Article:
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Afang Soup: A Feast of Love
By Edinam Oton

Being on the road as much as I have been over the years, I have had my fill of takeout Chinese food, pizza, burgers and everything in between. They say that if you know how to ride a bike, you can always get back on and ride again. With respect to cooking, I beg to disagree.

Twenty years ago or actually, more like twenty five years ago, was the last time I had been in a kitchen with any level of regularity. Since then, the kitchen has really only been a place I enter either when I’m desperately broke, or just to cook a Sunday breakfast of eggs and bacon or some other simple meal that requires only a microwave. So when I woke up one morning with a desire for Afang soup, you can imagine the challenge ahead of me.

Now for the uninitiated, Afang soup is a delicately prepared vegetable and beef (or fish) soup that can make a man fall in love with the woman who prepared it for him. That’s of course if it is done right. The Efik people of South Eastern Nigeria are noted for being the best cooks in Nigeria. If an Efik woman cooks Afang soup for a man, the man is hooked. Afang soup is the next best thing to making love, that is, if it is prepared well.

And love, especially of the stomach, was all that was on my mind.

I still remember the first time I attempted to cook Afang soup. Instead of a feast of deliciousness, I ended up with the driest meal I have ever had. That pot of soup ended up in the garbage, instead of in my stomach.

Twenty or so years later, I was not going to make that same mistake. I called my family friend, Arit Essien, and practically begged her to give up her recipe. She obliged and gave me a few tips.

The key to cooking Afang soup is to have a proportional mixture of the hard vegetable- Afang and a softer vegetable, usually spinach or watercress, which is much better, but also more expensive.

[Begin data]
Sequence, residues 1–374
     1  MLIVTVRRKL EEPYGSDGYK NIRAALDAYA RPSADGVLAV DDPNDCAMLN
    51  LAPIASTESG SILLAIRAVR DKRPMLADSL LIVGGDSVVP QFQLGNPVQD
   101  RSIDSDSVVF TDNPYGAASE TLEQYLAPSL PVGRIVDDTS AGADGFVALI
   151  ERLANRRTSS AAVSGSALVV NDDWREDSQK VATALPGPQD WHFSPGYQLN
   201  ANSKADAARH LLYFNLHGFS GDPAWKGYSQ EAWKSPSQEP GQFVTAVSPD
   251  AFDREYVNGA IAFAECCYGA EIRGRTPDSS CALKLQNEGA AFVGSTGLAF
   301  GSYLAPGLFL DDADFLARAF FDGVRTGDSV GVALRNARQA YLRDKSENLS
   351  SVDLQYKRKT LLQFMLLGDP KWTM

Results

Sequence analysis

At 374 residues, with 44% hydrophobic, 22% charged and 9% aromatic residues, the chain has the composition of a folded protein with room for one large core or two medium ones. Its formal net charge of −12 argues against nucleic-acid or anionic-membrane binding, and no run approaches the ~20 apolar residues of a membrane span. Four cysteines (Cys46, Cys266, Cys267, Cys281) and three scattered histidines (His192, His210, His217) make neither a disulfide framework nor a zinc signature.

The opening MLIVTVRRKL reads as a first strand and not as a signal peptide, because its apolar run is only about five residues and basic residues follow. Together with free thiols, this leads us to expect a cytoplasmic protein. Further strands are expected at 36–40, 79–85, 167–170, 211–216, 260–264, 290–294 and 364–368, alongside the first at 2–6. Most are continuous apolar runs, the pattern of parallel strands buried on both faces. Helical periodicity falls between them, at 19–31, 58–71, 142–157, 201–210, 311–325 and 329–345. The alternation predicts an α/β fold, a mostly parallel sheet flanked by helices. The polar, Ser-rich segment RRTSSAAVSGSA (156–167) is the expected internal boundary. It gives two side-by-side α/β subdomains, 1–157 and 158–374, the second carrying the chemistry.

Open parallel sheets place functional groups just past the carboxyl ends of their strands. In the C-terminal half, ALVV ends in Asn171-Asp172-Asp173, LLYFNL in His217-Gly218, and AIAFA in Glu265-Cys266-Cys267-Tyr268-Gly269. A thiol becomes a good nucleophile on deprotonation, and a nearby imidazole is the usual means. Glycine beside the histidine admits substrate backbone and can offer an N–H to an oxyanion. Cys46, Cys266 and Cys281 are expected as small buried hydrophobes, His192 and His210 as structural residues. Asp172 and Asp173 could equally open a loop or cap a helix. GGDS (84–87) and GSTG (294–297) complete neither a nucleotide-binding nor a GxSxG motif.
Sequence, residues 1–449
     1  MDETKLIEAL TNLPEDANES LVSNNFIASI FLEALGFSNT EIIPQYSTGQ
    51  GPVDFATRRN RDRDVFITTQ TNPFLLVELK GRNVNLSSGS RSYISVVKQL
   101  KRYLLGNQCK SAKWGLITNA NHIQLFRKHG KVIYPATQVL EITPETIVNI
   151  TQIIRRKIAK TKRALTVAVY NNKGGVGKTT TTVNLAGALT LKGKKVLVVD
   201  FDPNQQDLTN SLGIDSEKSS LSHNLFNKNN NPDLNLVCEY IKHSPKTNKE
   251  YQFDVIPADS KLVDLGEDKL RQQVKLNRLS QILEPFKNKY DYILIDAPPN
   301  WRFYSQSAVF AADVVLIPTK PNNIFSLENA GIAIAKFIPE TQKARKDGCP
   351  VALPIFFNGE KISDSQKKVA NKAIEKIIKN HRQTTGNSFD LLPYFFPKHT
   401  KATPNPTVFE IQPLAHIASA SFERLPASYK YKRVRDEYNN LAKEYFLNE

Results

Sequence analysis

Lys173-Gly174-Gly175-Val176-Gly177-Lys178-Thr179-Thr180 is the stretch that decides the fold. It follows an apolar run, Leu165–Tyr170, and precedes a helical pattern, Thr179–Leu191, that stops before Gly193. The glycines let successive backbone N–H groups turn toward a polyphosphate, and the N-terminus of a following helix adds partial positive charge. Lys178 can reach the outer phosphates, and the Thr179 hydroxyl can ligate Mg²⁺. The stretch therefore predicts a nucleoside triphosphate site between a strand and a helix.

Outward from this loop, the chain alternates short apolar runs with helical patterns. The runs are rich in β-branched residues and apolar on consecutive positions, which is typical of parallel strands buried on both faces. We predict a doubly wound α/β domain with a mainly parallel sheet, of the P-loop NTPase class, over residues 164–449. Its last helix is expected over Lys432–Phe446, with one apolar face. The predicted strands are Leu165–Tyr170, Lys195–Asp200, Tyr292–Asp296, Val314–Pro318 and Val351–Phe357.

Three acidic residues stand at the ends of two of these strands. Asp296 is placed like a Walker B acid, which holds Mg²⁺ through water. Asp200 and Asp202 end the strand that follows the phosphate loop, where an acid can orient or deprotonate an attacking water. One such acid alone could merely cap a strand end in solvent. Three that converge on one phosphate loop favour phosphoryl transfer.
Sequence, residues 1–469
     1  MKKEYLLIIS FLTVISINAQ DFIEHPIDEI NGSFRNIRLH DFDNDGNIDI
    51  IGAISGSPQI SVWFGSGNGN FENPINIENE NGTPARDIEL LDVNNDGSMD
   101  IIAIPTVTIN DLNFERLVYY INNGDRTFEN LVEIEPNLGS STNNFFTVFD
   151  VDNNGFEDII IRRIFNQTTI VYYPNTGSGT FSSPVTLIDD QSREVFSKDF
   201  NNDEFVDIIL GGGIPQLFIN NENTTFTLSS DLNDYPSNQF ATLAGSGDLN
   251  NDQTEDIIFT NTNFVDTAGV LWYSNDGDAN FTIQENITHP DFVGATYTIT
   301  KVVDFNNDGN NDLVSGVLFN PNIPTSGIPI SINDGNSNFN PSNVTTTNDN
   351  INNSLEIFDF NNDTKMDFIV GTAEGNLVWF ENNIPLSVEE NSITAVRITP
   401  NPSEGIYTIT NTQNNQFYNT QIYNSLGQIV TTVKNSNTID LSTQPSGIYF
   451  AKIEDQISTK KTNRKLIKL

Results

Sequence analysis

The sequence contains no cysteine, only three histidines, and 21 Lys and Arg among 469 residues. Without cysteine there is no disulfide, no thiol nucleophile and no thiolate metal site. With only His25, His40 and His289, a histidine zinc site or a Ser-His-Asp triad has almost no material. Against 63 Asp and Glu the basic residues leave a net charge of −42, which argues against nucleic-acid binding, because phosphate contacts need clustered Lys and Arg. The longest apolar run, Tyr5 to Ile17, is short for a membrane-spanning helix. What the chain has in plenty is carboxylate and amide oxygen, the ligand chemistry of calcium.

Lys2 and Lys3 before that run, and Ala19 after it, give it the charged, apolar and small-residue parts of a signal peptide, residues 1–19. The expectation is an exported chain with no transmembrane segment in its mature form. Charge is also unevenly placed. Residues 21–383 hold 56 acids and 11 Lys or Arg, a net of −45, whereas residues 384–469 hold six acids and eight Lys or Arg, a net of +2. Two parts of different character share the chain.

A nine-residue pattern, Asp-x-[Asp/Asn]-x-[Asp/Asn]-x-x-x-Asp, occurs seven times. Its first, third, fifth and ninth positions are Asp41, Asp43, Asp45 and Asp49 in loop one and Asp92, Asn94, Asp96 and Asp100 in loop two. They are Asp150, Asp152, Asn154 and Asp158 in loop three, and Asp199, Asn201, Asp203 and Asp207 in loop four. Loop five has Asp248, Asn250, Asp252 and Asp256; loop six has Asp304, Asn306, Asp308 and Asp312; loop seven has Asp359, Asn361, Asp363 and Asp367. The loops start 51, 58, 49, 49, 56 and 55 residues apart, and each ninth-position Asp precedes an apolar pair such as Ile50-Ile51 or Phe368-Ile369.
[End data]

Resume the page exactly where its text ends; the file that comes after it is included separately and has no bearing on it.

The most important challenge was not to end up with a pot of soup that ended up in the garbage because it was too dry. So a few preparatory steps were necessary with the key ingredient, the Afang leaves. Afang or Okazi is a leaf that grows in Nigeria. Back in Calabar, where I grew up, fresh Afang is bought in the market thinly sliced or in leaves. You bring the Afang home, thinly slice them (if they are in leaf form) and then pound them. If you live in the diaspora, you will get dried Afang leaves from an African market or store.

Twenty years or so ago, I had put these dried leaves straight into my pot. This time to overcome the dryness of the leaves, I soaked the Afang or Okazi overnight. The next day, I sieved the water out, and blended the Afang in a blender. No dry Afang for me this time!

My other ingredients were prepared.

First, I boiled my meat. I love goat meat! Of course, I seasoned the meat.

Secondly, once my meat was boiled to an edible point, I poured a pound of chopped frozen spinach into the pot. Back home in Calabar that would have been a good portion of waterleaf.? A few minutes after my spinach had settled in the pot of boiling meat, I added my spices … maggi cubes (three of them), a good amount of crayfish (actually about 4 table spoons), and since I really like Adobe seasonings, a teaspoon of all purpose Adobe seasoned salt.

Next came the oil! Palm Oil! Depending on what side of the mountain you come from, you may either put a smidgen of Palm Oil for taste or a good amount of Palm Oil for flavor. If you’ve bought into Western medicine that tells you that Palm Oil is going to crank up your cholesterol, then you may ignore the Palm Oil altogether. Afang soup is not a soup I eat every day, so, I put in more than a smidgen of Palm Oil.

Ant then the final icing on the cake- the Afang itself! I poured in my blended Afang. Mind you all of this action is going on with a low flame. I could already taste the love.

Ten minutes later of a continuous low flame and my love fest is ready! I prepare my pounded yam and get my Guinness ready.

No dry Afang for me this year!

Afang Soup Ingredients:

Meat (beef or goat or chicken) or Fish
Dry Afang or Okazi
Spinach (a pound of cut frozen spinach)
3 to 5 tablespoons of powdered crayfish
3 Maggi cubes
4 to 5 tablespoons of palm oil
Adobe Seasoned Salt … a teaspoon
Red Cayenne Pepper (a smidgen or more)

To accompany the soup:
Garri or Pounded Yam Flakes

The above ingredients can be found in most African or Caribbean stores.